As you probably already know, Baxter’s always been physical. He’s been on the high end of normal when it comes to his need for proprioceptive input, and sometimes I think he would’ve been diagnosed with a mild sensory processing disorder had I not intervened very early, consulting with OT colleagues at various junctures.
We were pleasantly surprised by his ability to sustain attention and self-control in kindergarten; in part, I suspect this was due to the three recesses they got in his full-day kindergarten. Still, we were impressed.
There are always minor comments from his teachers about these things, but it’s never too big a deal. Considering he gets 10 minutes of movement a day, I’m amazed at how well he does.
But I think all that holding it together at school comes with its price. The price is a lot of need for movement and input the rest of the time. I can understand this and sympathize with it. It’s why we go to playgrounds after school rather than many after school clubs, and why we value his twice weekly soccer experience so highly. And it’s why we have a gym mat and sensory equipment in our playroom that come out on cold or rainy days, or when he has friends over. He is so happy when he’s had lots of movement time that he catalogs each event for me before bed some nights, grinning. It’s important for him.
I feel like his need for movement and input is over the top right now. Significantly. He’s excited about summer vacation and I know that all of the endings and schedule changes that occur at this time of year can really throw kids off. But at some point he does have to learn better impulse control. If I see him walk up to one more friend and flick the kid’s hat off his head or slam into him sideways, I’m going to lose it. I try to watch the other boys, to see where the norm is, and to watch their reactions: some of them are getting downright irritated.
One lesson Matt and I learned this year has been that, quite often, if you just find a way to let Baxter know how important something is (say, writing down all of those homework assignments or listening to all of the steps in his teacher’s directions), he rarely needs another reminder. But I feel like I’ve talked about this with him enough times in the past week without any results. I know he’s impulsive, I know he can’t always help it, but it’s time for him to start trying and my intuition is, he is ready to start helping it. I believe in my heart that he can control himself more than he used to, some of it has just become a habit.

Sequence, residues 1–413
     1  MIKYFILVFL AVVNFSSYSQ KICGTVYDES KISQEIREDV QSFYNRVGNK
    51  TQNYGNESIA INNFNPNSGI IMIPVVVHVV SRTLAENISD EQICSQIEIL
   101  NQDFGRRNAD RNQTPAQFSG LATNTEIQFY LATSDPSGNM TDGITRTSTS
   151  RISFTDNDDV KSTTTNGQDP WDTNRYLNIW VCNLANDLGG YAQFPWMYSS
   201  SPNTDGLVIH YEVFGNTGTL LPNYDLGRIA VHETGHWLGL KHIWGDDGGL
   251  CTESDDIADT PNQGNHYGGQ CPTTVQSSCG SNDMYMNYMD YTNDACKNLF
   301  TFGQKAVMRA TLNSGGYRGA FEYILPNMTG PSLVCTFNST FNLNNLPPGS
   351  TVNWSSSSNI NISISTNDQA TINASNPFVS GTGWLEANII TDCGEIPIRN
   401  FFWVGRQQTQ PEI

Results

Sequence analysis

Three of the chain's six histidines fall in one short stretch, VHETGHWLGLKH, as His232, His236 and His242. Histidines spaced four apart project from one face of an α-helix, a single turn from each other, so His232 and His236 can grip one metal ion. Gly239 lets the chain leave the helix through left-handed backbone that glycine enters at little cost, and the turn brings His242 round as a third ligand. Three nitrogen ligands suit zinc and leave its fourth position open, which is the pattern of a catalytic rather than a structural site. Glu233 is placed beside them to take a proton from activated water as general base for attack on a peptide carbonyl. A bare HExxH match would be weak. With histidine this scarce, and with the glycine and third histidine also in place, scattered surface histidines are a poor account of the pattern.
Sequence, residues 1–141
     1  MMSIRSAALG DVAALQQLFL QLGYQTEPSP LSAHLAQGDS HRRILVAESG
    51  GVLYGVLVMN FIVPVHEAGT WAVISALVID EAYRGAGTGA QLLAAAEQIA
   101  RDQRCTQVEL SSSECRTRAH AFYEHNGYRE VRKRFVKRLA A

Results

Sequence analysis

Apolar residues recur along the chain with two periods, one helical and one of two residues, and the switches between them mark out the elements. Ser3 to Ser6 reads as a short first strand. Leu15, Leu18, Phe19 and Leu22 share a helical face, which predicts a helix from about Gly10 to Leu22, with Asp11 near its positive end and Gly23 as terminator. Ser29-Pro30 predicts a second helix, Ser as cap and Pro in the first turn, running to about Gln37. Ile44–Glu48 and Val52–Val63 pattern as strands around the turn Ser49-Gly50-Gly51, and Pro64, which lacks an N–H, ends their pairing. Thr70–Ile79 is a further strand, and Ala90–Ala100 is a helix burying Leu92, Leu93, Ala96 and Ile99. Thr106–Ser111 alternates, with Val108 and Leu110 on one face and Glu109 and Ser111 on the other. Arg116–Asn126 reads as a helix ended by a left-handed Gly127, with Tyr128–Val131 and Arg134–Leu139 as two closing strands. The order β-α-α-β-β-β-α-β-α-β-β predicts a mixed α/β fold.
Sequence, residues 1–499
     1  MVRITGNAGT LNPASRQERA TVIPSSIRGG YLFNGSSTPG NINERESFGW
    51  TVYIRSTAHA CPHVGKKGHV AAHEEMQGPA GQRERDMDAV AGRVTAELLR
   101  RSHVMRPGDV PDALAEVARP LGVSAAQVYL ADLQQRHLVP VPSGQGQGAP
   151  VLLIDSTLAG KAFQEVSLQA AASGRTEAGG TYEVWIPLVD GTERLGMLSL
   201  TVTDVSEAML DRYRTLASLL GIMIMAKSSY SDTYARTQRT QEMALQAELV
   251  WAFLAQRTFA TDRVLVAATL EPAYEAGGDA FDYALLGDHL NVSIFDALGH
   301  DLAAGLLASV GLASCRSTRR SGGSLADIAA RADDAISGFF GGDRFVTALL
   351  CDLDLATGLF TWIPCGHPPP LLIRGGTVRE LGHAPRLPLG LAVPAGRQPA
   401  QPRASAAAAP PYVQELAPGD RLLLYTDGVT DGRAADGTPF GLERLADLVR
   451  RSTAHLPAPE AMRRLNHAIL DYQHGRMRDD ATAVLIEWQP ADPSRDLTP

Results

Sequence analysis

I tried to decide what to use for this particular parenting job, and finally chose a strategy that goes against my normal aversion to negative feedback. Baxter will be given two dollars in quarters at the beginning of each week. Every time we see him being physical in an out-of-bounds way (which has been – and will continue to be – defined clearly for him), he loses a quarter. Whatever money is left at the end of the week is his to keep.
I asked him about this idea after dinner tonight. He loves it, mainly because he’s imagining that in just a few weeks he’ll be out shopping for Pokemon cards or a new Webkinz pet. I warned him, however, that this won’t be easy. I told him that he probably won’t end his first week with $2.00 in quarters, much as I’d like him to. But I also said that I know he can do it, and a week will come when he will have his $2.00 and it will add up for him. Of course this won’t go on indefinitely, but I find with these things that once the child has met the goal and “cashed out” (literally, in this case), it’s easy to drop the motivator. And if he proves me wrong and starts controlling those poking, hat-slapping hands and constantly moving feet right away and begins robbing us blind? More power to him. His friends and his brother will thank me.
And if I’m wrong? Then we go to Plan B. Which you will be required to help me with.